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Dynamic Effects in the Reverse Flow Velocity Field

[+] Author Affiliations
Dhwanil Shukla, Nandeesh Hiremath, Vrishank Raghav, Narayanan Komerath

Georgia Tech, Atlanta, GA

Paper No. AJKFluids2015-13545, pp. V001T13A002; 8 pages
  • ASME/JSME/KSME 2015 Joint Fluids Engineering Conference
  • Volume 1: Symposia
  • Seoul, South Korea, July 26–31, 2015
  • Conference Sponsors: Fluids Engineering Division
  • ISBN: 978-0-7918-5721-2
  • Copyright © 2015 by ASME


At high edgewise flow speeds, reversed flow causes excursions in pitching moment and blade torsion on the rotor blades of helicopters and wind turbines. Our prior work has shown that a yawed fixed wing at angle of attack in reversed flow generates a sharp-edge vortex. The sharp-edge vortex is a primary feature of the flow under the rotor blade. During operation as a rotor blade at high advance ratio in a wind tunnel, stereo PIV results show that the well-formed sharp-edge vortex at 240 degrees azimuth resembles that on a forward-swept wing. This vortex stops growing before 270 degrees and convects with the blade by 300 degrees. Static pressure computed from interpolated velocity data show the effects of vortex-induced radial pressure gradient. This explains the finding of inboard-directed radial flow at 300 degrees azimuth, overcoming centrifugal effects. Viscous stress is shown to have only a minor effect on the static pressure field computation.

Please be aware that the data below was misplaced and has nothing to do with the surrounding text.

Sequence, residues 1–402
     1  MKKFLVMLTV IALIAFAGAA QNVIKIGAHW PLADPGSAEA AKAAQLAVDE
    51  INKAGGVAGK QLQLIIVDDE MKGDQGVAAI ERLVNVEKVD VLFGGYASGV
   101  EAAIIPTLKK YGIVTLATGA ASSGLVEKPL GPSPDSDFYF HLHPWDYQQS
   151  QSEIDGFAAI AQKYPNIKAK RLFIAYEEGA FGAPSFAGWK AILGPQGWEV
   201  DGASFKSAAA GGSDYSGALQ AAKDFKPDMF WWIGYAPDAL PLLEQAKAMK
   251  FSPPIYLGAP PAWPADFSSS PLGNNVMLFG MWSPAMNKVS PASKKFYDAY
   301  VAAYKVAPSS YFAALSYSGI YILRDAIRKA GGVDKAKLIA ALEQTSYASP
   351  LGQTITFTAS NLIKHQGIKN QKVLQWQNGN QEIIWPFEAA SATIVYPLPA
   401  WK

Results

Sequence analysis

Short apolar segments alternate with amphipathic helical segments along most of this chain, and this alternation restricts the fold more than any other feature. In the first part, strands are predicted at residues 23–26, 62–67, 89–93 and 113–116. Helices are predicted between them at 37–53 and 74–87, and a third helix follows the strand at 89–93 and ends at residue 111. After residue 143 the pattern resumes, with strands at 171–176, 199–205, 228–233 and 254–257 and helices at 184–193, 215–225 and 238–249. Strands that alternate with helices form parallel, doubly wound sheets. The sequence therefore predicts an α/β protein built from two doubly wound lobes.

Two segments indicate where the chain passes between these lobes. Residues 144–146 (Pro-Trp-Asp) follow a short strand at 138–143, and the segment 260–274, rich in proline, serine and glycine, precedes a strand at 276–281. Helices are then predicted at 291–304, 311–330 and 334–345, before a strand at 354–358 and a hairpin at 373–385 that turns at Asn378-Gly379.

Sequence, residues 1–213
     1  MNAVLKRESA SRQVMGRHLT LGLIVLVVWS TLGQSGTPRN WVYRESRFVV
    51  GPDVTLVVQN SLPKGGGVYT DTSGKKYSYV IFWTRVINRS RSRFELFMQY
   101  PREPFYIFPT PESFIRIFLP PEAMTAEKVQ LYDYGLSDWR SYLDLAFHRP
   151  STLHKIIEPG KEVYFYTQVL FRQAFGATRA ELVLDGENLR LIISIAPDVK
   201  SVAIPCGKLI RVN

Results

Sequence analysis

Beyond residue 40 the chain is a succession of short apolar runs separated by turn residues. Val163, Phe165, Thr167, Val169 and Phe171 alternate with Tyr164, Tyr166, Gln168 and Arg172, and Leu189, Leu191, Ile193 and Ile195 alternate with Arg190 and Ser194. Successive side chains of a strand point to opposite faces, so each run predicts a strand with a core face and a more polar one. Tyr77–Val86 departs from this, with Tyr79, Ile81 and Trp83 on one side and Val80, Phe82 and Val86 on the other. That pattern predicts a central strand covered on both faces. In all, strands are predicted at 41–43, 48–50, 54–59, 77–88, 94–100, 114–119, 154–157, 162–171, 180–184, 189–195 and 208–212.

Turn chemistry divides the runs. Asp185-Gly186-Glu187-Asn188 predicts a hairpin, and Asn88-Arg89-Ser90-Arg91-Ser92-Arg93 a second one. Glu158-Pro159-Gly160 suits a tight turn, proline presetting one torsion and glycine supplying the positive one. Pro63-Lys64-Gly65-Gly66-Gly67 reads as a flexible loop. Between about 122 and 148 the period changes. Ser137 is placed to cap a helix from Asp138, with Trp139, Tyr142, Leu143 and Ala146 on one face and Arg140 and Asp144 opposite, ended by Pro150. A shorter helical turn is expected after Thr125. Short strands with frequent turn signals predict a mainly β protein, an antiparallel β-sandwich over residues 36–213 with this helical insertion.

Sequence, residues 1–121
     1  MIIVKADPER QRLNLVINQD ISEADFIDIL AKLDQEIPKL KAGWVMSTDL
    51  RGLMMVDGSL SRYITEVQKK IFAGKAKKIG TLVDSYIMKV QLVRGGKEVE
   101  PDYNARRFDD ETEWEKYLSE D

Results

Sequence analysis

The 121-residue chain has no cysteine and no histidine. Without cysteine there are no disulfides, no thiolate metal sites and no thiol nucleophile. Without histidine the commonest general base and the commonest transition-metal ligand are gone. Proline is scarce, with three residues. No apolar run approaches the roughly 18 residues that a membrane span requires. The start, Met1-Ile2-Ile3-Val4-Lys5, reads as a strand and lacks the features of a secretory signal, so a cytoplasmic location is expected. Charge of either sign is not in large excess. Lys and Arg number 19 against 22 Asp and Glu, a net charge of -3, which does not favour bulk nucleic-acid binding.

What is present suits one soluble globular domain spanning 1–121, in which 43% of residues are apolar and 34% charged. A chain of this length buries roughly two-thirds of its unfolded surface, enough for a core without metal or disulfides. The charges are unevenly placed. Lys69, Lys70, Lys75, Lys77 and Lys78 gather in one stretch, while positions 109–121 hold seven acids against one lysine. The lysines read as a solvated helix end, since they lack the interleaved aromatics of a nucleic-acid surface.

Copyright © 2015 by ASME
Topics: Flow (Dynamics)



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